Los Angeles private investigator Michael Philip Marlin hated to go south of the border, south down into sunny fetid Mexico, faux Mexico really, Tijuana. The American idea of Mexico mainly with the cheap tourista duds, fanfare, and dust. He hated the squalor, worst that his home town Ocean City cold-water flats that he knew well from growing up right in the middle of them, that he found just over the border after the immigration station told him he was in “habla Espanol” country. He hated the bracero looks, stares, eternal stares, piercing right through you, from the sun-blackened Mexican fellahin, and the blank stares, the hungry stares from his children.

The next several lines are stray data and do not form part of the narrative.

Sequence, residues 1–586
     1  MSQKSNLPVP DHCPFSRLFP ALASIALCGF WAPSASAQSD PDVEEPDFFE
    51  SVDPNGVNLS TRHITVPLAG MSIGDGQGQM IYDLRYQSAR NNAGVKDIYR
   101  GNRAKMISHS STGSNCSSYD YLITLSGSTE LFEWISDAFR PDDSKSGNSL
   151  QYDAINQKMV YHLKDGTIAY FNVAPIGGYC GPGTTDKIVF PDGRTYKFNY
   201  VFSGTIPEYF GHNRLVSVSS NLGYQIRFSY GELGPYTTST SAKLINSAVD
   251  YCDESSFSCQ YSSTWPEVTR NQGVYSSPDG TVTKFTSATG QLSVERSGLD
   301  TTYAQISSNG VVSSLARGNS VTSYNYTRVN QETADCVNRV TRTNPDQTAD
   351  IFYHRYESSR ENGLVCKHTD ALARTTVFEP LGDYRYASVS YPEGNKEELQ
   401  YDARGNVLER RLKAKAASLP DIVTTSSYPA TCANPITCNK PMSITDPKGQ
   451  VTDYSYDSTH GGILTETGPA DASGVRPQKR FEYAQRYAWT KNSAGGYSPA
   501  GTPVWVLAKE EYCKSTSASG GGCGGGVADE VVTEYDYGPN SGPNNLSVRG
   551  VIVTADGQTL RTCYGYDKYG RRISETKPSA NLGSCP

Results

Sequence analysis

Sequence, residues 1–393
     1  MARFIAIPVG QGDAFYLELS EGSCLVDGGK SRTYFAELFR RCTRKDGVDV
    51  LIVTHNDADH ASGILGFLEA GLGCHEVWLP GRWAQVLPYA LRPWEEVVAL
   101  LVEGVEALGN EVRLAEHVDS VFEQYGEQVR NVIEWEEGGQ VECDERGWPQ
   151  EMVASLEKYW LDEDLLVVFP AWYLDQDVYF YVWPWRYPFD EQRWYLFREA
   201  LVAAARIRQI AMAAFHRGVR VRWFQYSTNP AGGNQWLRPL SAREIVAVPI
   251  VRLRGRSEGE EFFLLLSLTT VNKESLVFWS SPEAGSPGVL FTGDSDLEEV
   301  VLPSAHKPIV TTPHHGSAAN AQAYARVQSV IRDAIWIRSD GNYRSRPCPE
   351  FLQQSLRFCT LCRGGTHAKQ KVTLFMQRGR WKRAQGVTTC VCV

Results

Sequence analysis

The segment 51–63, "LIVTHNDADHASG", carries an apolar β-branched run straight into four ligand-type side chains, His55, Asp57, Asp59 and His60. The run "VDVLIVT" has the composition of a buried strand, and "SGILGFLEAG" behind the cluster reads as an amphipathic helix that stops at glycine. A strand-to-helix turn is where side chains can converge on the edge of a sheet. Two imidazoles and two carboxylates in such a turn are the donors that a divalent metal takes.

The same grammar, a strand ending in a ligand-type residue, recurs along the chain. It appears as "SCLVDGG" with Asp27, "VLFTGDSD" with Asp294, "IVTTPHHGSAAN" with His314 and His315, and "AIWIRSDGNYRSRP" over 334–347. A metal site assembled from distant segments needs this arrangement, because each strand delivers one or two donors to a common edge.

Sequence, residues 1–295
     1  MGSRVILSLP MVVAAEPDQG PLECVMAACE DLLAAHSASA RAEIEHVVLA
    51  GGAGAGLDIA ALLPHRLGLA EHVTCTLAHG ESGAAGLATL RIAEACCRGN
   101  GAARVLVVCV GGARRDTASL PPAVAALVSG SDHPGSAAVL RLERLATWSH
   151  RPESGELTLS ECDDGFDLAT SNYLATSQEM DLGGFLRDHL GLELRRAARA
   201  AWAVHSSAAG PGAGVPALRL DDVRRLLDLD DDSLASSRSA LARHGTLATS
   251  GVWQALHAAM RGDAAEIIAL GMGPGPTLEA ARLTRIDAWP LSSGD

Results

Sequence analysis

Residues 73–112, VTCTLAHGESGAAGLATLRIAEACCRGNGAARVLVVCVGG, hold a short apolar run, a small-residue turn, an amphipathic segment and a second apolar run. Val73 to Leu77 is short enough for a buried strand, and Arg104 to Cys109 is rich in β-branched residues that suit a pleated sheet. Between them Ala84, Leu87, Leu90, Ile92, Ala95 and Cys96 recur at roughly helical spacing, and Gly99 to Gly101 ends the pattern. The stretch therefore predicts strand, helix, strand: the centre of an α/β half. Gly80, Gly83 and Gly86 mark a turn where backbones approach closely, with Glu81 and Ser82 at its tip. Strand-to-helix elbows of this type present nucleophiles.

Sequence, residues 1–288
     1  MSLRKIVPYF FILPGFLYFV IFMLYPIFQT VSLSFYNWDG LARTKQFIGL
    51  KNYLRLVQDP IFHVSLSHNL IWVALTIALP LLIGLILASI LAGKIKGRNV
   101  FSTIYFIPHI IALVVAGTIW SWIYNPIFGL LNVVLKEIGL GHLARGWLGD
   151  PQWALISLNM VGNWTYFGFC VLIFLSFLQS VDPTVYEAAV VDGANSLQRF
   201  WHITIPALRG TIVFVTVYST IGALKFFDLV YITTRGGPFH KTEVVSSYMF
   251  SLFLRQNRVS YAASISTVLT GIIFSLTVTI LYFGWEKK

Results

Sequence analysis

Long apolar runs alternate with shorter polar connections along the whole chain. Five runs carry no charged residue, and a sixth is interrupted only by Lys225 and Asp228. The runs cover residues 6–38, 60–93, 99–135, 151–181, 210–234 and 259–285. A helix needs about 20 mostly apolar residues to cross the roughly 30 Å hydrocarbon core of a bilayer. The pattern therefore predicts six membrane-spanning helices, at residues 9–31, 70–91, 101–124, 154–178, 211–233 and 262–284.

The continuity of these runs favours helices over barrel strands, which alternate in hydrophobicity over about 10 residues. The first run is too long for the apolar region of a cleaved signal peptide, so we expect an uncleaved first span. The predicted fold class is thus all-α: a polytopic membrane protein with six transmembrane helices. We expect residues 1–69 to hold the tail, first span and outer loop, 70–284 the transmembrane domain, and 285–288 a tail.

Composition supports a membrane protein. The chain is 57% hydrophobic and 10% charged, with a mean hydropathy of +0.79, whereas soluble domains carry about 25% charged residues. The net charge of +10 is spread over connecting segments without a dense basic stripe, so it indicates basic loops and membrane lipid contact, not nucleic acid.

He had taken the Addington case the minute he had received it via Detective James Foote his friend on the Los Angeles police force who threw business, non-police business, business where discretion was the watchword, his way. And when the heavy-footed cops didn’t want to touch some rich man’s (or in this case women’s high- flown ideas of justice. What was desired by that Mrs. Addington, Mrs. Adele Addington, heiress to the New York typewriter fortune was for a missing husband to be found when he met her plane as she flew in from New York to discuss the situation in person (and Marlin figured to size him up). And she, like most of her kind when they wanted something or someone found who did not want to be found was willing to pay, pay handsomely, and without too much regard for expenses and daily fees to have her desires carried out.